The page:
Coup de torchon (1981)

FILM, Film Society

This week at the Wellington Film Society: a killer inside.

Jim Thompson probably would have slid into obscurity had it not been for the French. The existentialist writers adored Thompson’s sordid and challenging antiheroes, and it’s of no surprise that he was named the “Dimestore Dostoevsky” for his explorations of rationality and irrationality. Despite this, he’s proven an incredibly difficult author to adapt for the screen. I haven’t yet seen Michael Winterbottom’s The Killer Inside Me (or the 1976 original), but the Grifters and The Getaway (both versions) missed the luridness of Thompson’s writing. Coup de torchon (Clean Slate) is regarded as the most notable adaptation of his work, and Bertrand Tavernier certainly encapsulates the malevolence and angst of his brilliant Pop. 1280. A more arguable point is whether the film resonates as much as the novel—something Philippe Noiret’s warm performance as the exterminating angel and Tavernier’s impressive camerawork greatly assists in.

A ‘daylight’ noir, with twists, turns, and double-crossing the only constant, the film centres on Lucien Cordier (Noiret), a small town police chief in pre-World War II Senegal. He’s juggling mistresses (including a typically excellent Isabelle Huppert), a harridan of a wife, his wife’s mysterious idiot of a brother, and his job—the only problem being he’s not seen as particularly competent in the role. As his frustration with the situation grows, the death count starts piling up. The genius of the novel is in the way it draws you into the viewpoint of its protagonist, Nick Corey: an unreliable narrator who is extremely likeable from the outset, so much so that his violence and general misbehaviour fails to shock. Such a subjective placing of the audience is a difficult feat, and arguably Coup de torchon doesn’t allow us to indulge in Cordier’s predicament the way Thompson’s text does. But it is funny, and Noiret’s performance lends considerable sympathy to a seemingly interchangeable personality.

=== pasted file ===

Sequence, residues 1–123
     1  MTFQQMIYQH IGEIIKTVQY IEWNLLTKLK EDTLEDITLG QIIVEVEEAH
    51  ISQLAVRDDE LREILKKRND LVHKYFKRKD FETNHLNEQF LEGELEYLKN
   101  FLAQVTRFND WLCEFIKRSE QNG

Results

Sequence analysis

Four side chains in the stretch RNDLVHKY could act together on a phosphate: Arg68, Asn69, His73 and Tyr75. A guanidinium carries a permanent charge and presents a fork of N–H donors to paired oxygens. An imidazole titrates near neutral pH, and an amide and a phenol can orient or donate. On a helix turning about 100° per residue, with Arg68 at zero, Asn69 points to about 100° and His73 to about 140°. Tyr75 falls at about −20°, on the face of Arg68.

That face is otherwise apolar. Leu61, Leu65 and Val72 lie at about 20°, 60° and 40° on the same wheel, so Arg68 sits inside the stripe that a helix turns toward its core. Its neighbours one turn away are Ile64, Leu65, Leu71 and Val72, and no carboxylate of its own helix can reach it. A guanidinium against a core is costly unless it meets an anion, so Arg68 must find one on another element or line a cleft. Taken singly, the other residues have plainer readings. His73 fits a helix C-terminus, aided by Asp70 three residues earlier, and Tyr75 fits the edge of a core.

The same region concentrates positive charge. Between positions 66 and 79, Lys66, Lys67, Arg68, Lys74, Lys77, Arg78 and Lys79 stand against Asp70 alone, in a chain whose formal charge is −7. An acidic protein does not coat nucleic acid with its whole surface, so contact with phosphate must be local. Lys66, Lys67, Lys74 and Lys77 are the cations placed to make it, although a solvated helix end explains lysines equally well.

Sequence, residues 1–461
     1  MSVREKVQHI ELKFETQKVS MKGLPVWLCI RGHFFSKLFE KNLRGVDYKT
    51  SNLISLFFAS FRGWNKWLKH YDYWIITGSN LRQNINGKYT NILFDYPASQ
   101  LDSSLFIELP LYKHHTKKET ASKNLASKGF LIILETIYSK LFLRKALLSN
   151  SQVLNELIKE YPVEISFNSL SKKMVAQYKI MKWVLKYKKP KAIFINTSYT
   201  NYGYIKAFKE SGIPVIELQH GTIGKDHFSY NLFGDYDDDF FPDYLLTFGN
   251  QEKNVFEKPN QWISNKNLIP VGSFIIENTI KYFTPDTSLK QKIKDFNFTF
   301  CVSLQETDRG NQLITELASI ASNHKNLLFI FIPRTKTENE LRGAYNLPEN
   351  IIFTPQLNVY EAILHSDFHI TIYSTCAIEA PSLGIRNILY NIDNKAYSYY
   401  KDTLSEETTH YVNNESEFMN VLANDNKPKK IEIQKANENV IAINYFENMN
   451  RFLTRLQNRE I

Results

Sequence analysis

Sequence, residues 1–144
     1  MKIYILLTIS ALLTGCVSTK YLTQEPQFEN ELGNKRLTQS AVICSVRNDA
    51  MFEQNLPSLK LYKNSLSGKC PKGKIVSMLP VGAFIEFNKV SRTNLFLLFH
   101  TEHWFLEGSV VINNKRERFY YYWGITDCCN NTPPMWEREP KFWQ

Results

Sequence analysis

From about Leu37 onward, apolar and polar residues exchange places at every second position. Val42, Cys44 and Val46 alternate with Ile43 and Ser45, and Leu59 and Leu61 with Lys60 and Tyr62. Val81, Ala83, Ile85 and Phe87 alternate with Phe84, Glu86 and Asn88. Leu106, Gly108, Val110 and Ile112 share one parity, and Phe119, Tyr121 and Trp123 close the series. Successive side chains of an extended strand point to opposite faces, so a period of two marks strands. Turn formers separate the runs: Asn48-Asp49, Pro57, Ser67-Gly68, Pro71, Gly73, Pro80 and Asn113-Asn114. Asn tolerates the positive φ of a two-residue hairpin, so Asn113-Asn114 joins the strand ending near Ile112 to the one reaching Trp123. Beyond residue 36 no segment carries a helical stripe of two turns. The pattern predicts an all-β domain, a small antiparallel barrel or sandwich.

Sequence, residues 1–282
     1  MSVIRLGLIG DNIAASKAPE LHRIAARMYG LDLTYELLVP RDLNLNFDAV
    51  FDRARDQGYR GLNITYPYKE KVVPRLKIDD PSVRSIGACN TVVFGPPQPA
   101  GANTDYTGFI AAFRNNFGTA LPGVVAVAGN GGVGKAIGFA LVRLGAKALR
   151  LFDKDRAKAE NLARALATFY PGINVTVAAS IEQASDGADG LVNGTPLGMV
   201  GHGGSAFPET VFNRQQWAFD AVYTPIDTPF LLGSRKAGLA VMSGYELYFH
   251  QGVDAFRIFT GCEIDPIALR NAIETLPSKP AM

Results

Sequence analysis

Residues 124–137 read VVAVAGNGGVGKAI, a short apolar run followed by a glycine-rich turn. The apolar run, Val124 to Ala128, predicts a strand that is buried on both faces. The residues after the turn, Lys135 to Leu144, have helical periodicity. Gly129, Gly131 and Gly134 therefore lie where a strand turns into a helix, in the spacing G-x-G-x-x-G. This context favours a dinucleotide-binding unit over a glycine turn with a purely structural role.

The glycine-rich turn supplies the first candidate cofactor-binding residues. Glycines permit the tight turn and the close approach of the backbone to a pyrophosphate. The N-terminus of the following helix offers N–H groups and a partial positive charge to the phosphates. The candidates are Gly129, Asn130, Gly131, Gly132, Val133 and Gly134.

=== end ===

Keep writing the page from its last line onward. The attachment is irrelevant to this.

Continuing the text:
Tavernier’s transplanting of the novel’s seedy Southern setting to colonial Senegal is an intriguing concept. Cordier is someone who utilises the racism of his enemies to his own advantage, but at the same time also threatens to spill over into bigotry himself. While the racism of the novel was used to demonstrate the repression and impotence of the whitefollk in Corey’s hometown, the French racism is depicted as an overwhelming arrogance and indifference to the land in which they were in. Meanwhile, Corey’s mistreatment of women is tempered not only by Cordier’s geniality in the film (a point which by all accounts Winterbottom pushed hard on with The Killer Inside Me), but the impressive performances of Huppert and Stéphane Audran as his wife, which had the effect of humanising the female figures in the narrative.

As a film, it stands alone well. Tavernier’s camerawork is superb: floating through space as it follows the characters; its dusty setting particularly evocative. The narrative is well-structured, and the whirlpool-of-a-climax is suitably heightened by the tension that mounts in anticipation. Above all, the nucleus of Thompson’s universe is captured: dirty men trapped in a dirty world, their only possible response to join the rest and wallow in the filth.

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Next week at the Wellington Film Society, Alexander Sokurov’s one-take wonder, Russian Ark, which The Lumière Reader’s STEVE GARDEN has written thoughtfully on in the following appreciation.

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